It's the word 'design' in the spokesman's statement that I don't like. Temperatures in the low 30s in Britain are unusual, but by no means unheard of. We get a few days like this every year, and in some years significantly more than them. If he really is correct in that the infrastructure of Britain's railways is no longer speced to withstand even these temperatures, then if we get an intense and sustained heatwave, we really are buggered.

I suppose that given the material properties of steel there's always going to be a limit at either end. The question is whether optimising it differently from where it is now would result in fewer disruptions. I also wonder if it's mostly another introduced modern problem. Affecting overhead lines certainly is, but when temperature affects the rails too could it be? There are obvious advantages in having long stretches of rail welded together with the odd expansion joint in terms of lower wear and tear and smoothness of ride but it's possible that their operating temperature range is lower than the old jointed stuff.

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My guess is that the overhead lines on this line are old and out of date. Ipswich-London Liverpool Street sounds like one of the minor routes into London tbh. Wouldn't be surprised if it has not been updated recently due to more important lines taking precedence.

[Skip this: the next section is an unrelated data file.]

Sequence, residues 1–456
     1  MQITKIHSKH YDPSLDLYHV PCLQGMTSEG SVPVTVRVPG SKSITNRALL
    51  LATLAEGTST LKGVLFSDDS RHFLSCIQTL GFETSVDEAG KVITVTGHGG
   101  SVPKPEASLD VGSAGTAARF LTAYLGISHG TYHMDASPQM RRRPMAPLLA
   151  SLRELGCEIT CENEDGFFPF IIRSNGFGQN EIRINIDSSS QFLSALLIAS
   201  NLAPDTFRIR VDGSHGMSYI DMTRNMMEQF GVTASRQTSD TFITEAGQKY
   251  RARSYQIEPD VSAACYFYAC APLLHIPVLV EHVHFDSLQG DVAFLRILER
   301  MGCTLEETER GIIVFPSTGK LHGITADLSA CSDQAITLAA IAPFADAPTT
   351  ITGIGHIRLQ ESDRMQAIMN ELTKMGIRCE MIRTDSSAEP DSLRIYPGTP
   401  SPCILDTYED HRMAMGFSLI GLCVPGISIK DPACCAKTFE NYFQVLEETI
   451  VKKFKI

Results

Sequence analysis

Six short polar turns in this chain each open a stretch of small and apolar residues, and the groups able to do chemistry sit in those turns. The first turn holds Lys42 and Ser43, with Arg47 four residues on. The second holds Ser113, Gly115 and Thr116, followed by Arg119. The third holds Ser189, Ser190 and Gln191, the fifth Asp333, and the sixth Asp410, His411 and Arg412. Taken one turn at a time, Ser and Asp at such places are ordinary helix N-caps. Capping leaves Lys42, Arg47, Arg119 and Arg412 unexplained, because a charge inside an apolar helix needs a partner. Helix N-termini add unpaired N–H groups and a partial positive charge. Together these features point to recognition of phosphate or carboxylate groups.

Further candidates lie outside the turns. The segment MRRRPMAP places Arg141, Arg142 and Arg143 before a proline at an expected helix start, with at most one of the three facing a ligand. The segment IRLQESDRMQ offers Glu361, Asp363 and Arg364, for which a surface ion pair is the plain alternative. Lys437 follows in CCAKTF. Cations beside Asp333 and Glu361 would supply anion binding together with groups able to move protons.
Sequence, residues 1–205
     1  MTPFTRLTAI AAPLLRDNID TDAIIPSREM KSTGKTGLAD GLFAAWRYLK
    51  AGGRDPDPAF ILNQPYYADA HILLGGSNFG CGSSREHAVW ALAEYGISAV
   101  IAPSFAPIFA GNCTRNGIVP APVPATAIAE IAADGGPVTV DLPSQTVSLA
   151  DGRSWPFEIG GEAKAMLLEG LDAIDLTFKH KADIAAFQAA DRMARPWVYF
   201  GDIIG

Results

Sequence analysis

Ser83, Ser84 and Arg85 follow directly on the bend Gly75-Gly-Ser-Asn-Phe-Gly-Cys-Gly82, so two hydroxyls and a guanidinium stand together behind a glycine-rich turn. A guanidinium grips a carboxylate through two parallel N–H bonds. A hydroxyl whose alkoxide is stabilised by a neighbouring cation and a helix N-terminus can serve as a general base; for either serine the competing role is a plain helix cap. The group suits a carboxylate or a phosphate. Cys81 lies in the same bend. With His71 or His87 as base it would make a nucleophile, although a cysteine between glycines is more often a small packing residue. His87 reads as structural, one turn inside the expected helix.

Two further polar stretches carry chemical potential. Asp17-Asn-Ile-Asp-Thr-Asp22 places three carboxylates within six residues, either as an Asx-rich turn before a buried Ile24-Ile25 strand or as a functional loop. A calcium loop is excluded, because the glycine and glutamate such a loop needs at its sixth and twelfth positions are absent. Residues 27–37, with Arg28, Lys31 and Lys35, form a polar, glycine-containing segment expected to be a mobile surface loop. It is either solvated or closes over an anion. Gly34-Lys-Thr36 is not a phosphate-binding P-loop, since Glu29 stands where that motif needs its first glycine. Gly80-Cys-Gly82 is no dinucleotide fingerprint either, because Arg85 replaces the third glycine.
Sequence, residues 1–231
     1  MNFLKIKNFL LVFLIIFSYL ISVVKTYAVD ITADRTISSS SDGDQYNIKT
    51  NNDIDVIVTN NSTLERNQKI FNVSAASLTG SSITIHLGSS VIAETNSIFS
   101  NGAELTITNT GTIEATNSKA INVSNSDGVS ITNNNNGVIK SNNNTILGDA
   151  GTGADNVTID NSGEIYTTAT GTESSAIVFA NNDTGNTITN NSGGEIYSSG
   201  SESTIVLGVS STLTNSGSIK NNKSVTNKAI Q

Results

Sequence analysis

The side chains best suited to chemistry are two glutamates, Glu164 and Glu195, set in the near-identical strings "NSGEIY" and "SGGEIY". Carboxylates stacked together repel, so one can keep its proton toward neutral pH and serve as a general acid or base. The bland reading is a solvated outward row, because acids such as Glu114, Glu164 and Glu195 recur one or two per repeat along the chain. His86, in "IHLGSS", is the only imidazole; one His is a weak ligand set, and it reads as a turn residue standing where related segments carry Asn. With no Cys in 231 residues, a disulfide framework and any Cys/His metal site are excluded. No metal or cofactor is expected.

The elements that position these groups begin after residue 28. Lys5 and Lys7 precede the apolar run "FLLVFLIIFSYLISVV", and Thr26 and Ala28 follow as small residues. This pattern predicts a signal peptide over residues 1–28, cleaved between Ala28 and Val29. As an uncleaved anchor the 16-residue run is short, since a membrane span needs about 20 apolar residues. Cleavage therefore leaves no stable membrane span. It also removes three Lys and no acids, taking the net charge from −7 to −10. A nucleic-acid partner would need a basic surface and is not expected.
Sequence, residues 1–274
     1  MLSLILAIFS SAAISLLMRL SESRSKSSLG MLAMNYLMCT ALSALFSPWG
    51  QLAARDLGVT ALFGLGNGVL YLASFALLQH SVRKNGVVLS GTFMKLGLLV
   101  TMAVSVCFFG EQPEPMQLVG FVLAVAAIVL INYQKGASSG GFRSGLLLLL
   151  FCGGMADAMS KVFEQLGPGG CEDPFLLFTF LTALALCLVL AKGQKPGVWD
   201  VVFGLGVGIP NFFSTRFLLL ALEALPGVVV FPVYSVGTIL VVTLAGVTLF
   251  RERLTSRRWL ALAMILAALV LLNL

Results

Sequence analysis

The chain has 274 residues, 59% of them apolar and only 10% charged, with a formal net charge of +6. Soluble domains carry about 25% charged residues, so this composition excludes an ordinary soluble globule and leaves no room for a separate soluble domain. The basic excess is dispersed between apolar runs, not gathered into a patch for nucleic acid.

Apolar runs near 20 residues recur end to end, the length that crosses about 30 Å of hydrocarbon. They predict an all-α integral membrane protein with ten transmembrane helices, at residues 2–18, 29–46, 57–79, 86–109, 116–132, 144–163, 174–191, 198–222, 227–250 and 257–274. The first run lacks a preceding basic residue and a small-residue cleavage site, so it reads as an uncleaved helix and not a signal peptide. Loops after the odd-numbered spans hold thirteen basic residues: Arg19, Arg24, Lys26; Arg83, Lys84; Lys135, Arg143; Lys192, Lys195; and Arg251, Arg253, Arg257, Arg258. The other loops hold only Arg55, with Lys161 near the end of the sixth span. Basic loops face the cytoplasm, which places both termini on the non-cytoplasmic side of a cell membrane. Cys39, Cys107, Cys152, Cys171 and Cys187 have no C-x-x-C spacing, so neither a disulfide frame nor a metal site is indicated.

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Presumably the lack of weight and, come to think of it, the comments about "leaves on the line" seem to have increased with the spread of crappy multiple units instead of a big heavy lump of metal up front.

The trams have a sanding system apparently which helps them stick to the line...

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... Electric trains seem far too prone to equipment failure. Half the snow problems aren't due to the lines being blocked but due to it getting in to things and shorting them out.

They're all electric trains, including 'diesels'.

Some draw their power from overhead lines or third rail, others just carry a portable gennie around with them, but they're all electric powered.